There are several important things to know about Montessori schools if you are thinking about a Montessori education for your child. Montessori schools are for students in preschool through high school, and they follow the Montessori Method of education developed by Dr. Maria Montessori. Dr. Montessori was a physician who focused on psychiatry and educational theory, which lead her to develop the Montessori style of learning. She opened the first school in 1907, and the schools have gained popularity over the last one hundred years. Although the Montessori style of learning is nontraditional, one of the things to know about Montessori schools is there are benefits to sending your child to one.
1. Key Aspects
When considering a Montessori education, there are several key things to know about Montessori schools. To begin, Montessori schools provide a much more independent education than traditional schools. Children are encouraged to focus their learning on things that interest them, and they are given uninterrupted blocks of learning time. While children do learn more independently, there is an interdisciplinary curriculum that is followed. So, you can think of Montessori education as guided education instead of directed education.
Although Montessori schools are quite different, there are actually benefits of sending your child to a Montessori school. These schools foster the individual by recognizing that everyone has different learning styles and learns at their own pace. They also promote independence, concentration skills, and organizational skills. Additionally, Montessori schools provide a caring community where older students act as mentors and teachers are caring guides.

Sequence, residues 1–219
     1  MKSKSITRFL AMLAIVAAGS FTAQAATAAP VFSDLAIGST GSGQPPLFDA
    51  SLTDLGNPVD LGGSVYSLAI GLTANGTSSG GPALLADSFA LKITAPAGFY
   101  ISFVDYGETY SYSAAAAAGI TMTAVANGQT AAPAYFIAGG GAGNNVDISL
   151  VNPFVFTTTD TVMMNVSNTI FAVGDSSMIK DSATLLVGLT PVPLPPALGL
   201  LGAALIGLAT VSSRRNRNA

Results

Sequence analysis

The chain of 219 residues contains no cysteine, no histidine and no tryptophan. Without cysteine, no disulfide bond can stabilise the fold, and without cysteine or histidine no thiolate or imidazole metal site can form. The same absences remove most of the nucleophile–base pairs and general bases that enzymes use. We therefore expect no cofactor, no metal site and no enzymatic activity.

In the United States there are more than 4,000 Montessori schools. They are usually small private schools, although, there are larger campuses. One of the nice things about private Montessori schools is they offer scholarships and reduced tuition to those who need it. However, private schools are not your only option for Montessori schools. There are 400 public schools in the United States.
4. Classroom Set-up
Montessori classrooms do not look like traditional classrooms. They are meant to be inviting, which means they have soft colors, natural light, rugs, couches, and possibly flowers. There are not rows of desks; rather, students work at tables or on mats on the floor. There is plenty of space for group activities, and there is also a designated space for each part of the curriculum. All of the learning materials are also easy to access.
Montessori teachers act as guides. They help each individual student with what to focus on learning, and they observe the progress. The teachers also encourage the students and guide them to more advanced learning when they are ready. To become a Montessori educator, teachers must become certified in Montessori education, which means they are skilled at guiding students through the curriculum on an individual basis.
6. Learning Materials
All of the learning materials in Montessori schools are adapted to the age of the student. For example, younger students may work with wooden block letters. Each material is specially designed to focus on one skill at time, such as preschoolers learning to button buttons. One unique aspect about Montessori learning materials is they are designed to involve as many senses as possible because Dr. Montessori felt it was important for the whole body to be involved when learning.
7. Multiple Age Groupings
Having multiple age groupings in a Montessori school is considered very important. Each age grouping spans three years, and the older students act as mentors to the younger students. Ideally, each class stays together for the duration of education. This provides stability and helps form bonds. Obviously, this isn’t always possible.
Montessori schools provide a comprehensive education that is tailored to each individual. They are nontraditional, but they are also worth considering, especially since they have been demonstrated to have benefits. Are you considering sending your child to a Montessori school?